Defining an era – Russ Harvey’s Public Works Department

  • Thu Apr 16th, 2020 1:30am
  • Life

By Colin Huntemer

San Juan County Engineer

On April 23, Russ Harvey will retire from the San Juan County Public Works Department after 39 years of public service. Until then, you can reach him at After that you can reach him as most of you already do, as a neighbor on Orcas Island.

And so, we attempt to eulogize Russ out of public service and return him back to his family and his community. In a moment where we would normally gather together to acknowledge that ‘there are no words’ and offer a hug, we have to step back because, alas, there will be no hugs. There will be no handshakes, no connecting smiles, and no applause. In a world gripped by a global viral pandemic, our close-knit public works family is kept apart from each other and I am left with only words on paper.

I began this task by quantifying Russ’ time in public service but after doing the math and staring at the numbers (and yes, they are impressive) it felt completely out of touch and underwhelming. Russ never quantified me, Russ never scored me, Russ never reduced any of us to an individual performance metric. I believe, perhaps, a better way to eulogize Russ’ time with Public Works is to reflect on his presence and its reverberating effect on shaping the department’s culture over these past 39 years.

Russ was a presence of temperament, judgment, and perspective to us all. He always factored the human element into every decision, and as a generational islander, he was able to include the community element with keen tact. His appreciation for history, especially here in the islands, combined with his excellent memory, afforded him an invaluable perspective into the relationship between our work and our community. He never let the task at hand or the urgency of the moment obstruct his vision of the big picture, and he was always there to help the rest of us consider the unintended consequences of our actions.

Russ’ storied career is a contribution to the department in itself. On Feb. 1, 1981, Russ was brought on run a cable dozer at the county’s landfill on Orcas island, a job for which he was well prepared because of his many years running similar equipment logging the hills of Orcas island with his father. His ascension from a landfill operator fighting off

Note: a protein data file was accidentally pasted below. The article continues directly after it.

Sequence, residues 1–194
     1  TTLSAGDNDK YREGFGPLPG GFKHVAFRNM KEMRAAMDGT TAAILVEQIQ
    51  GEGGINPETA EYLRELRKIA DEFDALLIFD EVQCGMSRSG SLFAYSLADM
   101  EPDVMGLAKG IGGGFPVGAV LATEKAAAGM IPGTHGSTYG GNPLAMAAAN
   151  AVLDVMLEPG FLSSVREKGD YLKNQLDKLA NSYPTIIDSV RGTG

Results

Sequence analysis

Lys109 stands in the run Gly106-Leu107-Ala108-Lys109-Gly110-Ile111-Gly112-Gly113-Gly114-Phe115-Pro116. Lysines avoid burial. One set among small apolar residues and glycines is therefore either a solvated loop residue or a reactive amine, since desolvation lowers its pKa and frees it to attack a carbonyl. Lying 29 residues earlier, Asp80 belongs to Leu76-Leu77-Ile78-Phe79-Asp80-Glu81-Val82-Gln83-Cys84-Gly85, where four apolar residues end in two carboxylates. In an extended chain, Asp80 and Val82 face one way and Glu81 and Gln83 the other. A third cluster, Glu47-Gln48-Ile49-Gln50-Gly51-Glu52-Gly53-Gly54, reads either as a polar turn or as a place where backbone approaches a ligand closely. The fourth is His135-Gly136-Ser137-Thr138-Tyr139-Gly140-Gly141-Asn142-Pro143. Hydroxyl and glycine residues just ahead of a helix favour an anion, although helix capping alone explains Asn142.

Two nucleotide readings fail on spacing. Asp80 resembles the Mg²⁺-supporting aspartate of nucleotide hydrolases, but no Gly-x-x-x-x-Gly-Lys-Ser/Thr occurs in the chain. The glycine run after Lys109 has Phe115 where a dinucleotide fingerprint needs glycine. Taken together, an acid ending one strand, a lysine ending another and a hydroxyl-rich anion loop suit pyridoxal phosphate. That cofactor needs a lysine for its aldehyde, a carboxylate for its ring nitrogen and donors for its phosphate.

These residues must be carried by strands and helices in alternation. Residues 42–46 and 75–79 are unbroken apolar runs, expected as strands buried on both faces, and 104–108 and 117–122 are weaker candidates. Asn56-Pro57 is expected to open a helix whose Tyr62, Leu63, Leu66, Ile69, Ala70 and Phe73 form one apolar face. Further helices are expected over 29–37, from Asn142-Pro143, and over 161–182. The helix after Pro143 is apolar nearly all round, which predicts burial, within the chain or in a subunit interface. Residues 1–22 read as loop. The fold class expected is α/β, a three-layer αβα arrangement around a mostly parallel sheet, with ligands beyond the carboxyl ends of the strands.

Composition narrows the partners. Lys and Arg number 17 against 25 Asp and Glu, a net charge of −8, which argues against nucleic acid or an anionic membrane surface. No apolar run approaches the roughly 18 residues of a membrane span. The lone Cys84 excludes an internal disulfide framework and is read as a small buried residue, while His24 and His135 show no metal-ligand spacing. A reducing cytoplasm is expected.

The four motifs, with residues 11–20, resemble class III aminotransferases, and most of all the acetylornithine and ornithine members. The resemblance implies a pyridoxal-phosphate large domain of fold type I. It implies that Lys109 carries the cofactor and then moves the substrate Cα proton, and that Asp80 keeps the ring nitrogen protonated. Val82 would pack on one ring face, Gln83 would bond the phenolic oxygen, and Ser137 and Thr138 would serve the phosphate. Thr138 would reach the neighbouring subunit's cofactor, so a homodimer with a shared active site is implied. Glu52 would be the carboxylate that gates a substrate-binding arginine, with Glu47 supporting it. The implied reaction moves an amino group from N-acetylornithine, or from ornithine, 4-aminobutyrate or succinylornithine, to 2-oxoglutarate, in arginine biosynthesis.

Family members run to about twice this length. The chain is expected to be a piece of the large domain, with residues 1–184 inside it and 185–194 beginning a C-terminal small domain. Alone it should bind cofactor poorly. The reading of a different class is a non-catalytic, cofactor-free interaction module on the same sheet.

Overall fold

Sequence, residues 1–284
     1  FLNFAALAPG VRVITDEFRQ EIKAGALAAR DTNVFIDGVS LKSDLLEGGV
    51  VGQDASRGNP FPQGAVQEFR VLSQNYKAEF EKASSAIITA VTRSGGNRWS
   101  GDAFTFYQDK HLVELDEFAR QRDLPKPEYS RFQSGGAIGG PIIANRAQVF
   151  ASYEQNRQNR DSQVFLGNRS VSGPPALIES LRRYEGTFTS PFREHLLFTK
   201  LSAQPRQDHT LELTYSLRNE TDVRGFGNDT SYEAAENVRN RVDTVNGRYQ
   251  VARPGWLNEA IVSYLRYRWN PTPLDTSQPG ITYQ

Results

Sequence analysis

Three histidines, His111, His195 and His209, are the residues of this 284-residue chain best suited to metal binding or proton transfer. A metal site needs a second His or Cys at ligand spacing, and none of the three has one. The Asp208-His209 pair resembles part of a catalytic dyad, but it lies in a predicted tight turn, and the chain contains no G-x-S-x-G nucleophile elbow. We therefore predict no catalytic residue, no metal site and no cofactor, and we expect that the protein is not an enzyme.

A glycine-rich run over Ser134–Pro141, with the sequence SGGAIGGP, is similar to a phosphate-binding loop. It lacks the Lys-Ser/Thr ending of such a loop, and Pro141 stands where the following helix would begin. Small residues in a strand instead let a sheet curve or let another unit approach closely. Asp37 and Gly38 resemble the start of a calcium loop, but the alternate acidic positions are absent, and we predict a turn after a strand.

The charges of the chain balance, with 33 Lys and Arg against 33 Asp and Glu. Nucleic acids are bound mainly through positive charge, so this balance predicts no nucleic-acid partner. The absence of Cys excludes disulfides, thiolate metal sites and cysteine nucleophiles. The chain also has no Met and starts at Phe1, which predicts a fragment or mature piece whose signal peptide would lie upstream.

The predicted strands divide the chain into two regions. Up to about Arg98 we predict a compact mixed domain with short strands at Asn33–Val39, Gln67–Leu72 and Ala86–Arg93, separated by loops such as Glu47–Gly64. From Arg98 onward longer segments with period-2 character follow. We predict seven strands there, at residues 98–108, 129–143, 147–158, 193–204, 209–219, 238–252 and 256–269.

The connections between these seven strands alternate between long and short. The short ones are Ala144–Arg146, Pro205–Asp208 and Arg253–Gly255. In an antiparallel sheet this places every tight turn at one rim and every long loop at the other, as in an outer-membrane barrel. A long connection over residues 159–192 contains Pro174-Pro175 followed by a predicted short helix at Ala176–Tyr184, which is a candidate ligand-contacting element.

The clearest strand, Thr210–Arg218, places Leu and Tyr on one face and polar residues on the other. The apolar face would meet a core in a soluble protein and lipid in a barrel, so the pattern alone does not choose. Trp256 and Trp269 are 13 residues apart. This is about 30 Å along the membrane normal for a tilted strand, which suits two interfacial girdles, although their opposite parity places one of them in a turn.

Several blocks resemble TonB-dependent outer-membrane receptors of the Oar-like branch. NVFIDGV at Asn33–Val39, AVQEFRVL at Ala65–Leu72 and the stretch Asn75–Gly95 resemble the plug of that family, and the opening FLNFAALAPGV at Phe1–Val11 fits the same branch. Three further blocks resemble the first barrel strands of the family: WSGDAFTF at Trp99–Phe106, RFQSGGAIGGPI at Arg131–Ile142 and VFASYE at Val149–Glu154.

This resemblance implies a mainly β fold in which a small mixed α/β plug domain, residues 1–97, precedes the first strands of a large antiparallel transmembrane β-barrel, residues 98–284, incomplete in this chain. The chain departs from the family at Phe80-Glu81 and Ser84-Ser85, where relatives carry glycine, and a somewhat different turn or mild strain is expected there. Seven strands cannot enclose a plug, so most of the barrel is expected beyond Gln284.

hordes of rats crawling over his cable dozer to sitting with the County Council as head of the largest county department may seem improbable but to those who knew him best, it was inevitable.

Russ was ever-present throughout the department’s organizational changes, operational changes, and political changes. Despite his significant time in ‘road maintenance’ and the monotonous connotations that come with that work, he never settled. His composure in the face of change assured him a seat at the table with decision-makers, and Russ’ opinion quickly became sought after by those who were looking to make an informed decision (or in other words, the ‘correct’ decisions). Ultimately, we are all fortunate that many others had the wisdom and foresight to support Russ and give him an opportunity to lead us.

In the director’s chair, Russ championed the same principal value he advocated for while he labored with the road crews. Russ correctly understood that a culture built on trust is mutually beneficial on all accounts. From the beginning to the end of each day he trusted us. Trusted that we would perform our work diligently. Trusted that we would behave ethically. Trusted that we knew what we were doing, that we would ask for help when we needed it, and that ultimately our successes and our failures are our own to make.

In the midst of a global viral pandemic, it can be unsettling to have Russ leave us, but I am personally comforted by Russ’ operational philosophy about the task at hand, which I paraphrase: “it is not an emergency, it’s just the next right thing to do.”

In retrospect, it is not the quantity of Russ’ time with us, it is most certainly the quality of time here that will stay with us long after he has left. I am grateful to know Russ and am thankful for his friendship that I know will continue for many, many years to come. He’s a classic. An all-around good-guy in a world where there never seems to be enough of them.

Thank you, be well, and Godspeed!